KAMIAH “It’s important to remember this is just a stepping stone to pull people together to address something very difficult,” Sydrin Sam, YWCA, Lewiston, told a crowd of about 35 Thursday night, June 21.
Where to go for help:
For question on how to move forward with suicide prevention within your community or for help:
• The Idaho Suicide Prevention Hotline: 1-800-273-TALK
• Idaho County Sheriff’s Office, 208-983-1100
• Ni Mi Poo Health, Kamiah Clinic, 208-935-0733
• Crisis Text Line, free 24/7: text to 741-741
• Suicide Action Prevention Network: 1-800-273-TALK (8255)
• YWCA: 208-743-1535 or 24-hour Crisis Line 208-746-9655
The YWCA, which has advocates locally in Orofino, Kamiah and Grangeville, sponsored a suicide prevention panel discussion at the Kamiah American Legion Hall, emceed by Kamiah YWCA advocate Ashlei Ryan.
A video featuring Kevin Hines started the meeting. Hines jumped off the Golden Gate Bridge in 2000 and survived the suicide attempt.
“A millisecond after jumping, I regretted my decision,” he said.
Hines has bipolar disorder and has suffered with mental health issues for years.
“I want people to know your thoughts do not have to become your actions,” Hines emphasized. “Do not silence your pain.”
As the meeting opened up for audience questions, starting with a question on what is being done in schools, former Kamiah and Clearwater Valley school counselor Sandra Russo said prevention education must start at home when it comes to assisting students.
“I had people tell me to mind my own business,” she said. “If the family doesn’t want help, it’s very difficult.”
Questions were brought up concerning issues with social media and bullying.
“There are so many pros and cons,” said YWCA’s Kayla Burke, Lewiston. “Although it seems suicide is oftentimes gloried through celebrity deaths – such as recently with Anthony Bourdin – that doesn’t really plant the seed for people considering suicide; that thought is already there.”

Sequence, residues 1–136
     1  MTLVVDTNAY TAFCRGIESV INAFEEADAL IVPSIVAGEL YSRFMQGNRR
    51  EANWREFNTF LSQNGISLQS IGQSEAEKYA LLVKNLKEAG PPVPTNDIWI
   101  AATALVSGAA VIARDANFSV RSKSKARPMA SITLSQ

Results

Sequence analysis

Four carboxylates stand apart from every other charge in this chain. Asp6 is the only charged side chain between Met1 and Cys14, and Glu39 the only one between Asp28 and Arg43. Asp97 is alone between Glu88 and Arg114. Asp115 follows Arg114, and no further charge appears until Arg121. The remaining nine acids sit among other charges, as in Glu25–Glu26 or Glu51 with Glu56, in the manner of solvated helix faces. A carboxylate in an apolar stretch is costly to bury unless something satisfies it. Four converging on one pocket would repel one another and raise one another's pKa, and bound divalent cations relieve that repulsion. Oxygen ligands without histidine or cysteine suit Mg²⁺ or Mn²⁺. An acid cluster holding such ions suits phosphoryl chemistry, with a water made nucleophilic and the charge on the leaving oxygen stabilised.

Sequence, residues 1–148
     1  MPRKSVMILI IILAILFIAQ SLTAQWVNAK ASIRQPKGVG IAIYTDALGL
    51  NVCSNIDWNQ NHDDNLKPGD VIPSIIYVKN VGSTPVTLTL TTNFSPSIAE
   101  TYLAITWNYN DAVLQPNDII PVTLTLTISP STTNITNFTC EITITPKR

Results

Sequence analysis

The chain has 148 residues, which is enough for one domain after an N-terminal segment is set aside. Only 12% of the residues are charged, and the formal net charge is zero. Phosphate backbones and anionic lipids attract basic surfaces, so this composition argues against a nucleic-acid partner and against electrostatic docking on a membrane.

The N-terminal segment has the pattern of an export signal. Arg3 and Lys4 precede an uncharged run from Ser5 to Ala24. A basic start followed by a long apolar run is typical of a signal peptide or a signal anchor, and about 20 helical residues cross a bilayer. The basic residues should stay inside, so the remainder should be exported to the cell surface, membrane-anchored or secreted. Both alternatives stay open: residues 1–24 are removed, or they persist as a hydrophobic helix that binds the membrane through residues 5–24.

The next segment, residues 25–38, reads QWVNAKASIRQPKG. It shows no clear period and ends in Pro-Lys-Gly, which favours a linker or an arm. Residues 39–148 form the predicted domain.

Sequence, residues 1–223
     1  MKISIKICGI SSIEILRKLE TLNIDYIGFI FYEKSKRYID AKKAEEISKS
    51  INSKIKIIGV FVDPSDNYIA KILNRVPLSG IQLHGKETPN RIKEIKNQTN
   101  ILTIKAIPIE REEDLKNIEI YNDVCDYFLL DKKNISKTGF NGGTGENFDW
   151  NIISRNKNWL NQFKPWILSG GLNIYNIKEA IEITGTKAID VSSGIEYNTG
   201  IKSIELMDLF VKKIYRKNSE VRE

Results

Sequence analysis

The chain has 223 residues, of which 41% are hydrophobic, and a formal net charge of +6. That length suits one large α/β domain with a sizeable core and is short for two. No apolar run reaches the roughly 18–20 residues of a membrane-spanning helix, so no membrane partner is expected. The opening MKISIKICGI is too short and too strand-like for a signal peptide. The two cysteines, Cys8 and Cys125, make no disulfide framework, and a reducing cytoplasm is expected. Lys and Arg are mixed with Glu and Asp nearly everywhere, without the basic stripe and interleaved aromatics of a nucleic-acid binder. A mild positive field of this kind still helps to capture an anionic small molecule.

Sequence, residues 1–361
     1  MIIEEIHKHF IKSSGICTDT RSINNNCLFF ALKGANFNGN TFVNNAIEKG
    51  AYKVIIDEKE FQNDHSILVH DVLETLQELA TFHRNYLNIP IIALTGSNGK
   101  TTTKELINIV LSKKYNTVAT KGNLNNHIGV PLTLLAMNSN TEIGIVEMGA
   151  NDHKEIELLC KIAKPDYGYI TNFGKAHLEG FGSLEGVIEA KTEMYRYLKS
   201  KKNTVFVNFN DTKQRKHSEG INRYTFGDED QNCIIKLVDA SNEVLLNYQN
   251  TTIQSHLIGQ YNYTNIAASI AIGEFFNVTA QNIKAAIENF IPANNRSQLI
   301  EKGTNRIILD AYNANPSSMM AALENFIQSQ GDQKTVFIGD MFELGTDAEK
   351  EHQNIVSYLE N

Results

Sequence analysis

Erin Young, Suicide Prevention Action Network (SPAN), said sometimes the new technology can actually be helpful.
“Younger people want to text, and the hotlines have access to assist people through texting, so that’s a great avenue,” she said.
Vince Frazier, law enforcement officer in Orofino, stated kids have it tough nowadays because “it’s not just bullying during the school day anymore.”
“If there’s an issue, it follows them 24-7. It comes home with them after school and on weekends,” he said. “My advice to them is to ‘shut it off.’ Power down the phone or laptop. It’s hard, but that’s a good, immediate way to silence any harassment.”
“We need to teach kids coping skills and remove the stigma of dealing with mental health issues,” said Darra Snyder, RN, St. Mary’s Hospital. “You cannot help having a mental health problem any more than you can help having diabetes. We have to be able to talk about it and develop skills to cope.”
A member of the Nez Perce Tribe stated she feels getting youth involved in the meeting process would be “extremely helpful.”
“They could really tell us what they need, what the issues are right now,” she said. “Otherwise, it’s just a bunch of old people sitting around talking.”
One woman reminded the group it’s not just youth, but adults who need help.
“We have a lot of veterans in our area, and Idaho has a very high veteran suicide rate,” she stated.
Lewis County Commissioners Greg Johnson said the legislature has designated money this year to help create safe areas within local hospitals for mental health evaluations.
“It’s not the complete answer, but it’s a start,” he said.
Burke, who lost a brother to suicide when she was 12, said people need tools to deal with emotions and other issues that come their way.
“And for many there are warning signs, so on the other side, we need to be aware of those. Prevention is key,” she said.
She also acknowledged drug and alcohol use is rampant among the mentally ill and depressed.
“The mental issues are there first, almost always,” she said. “The abuse comes secondary while trying to cope.”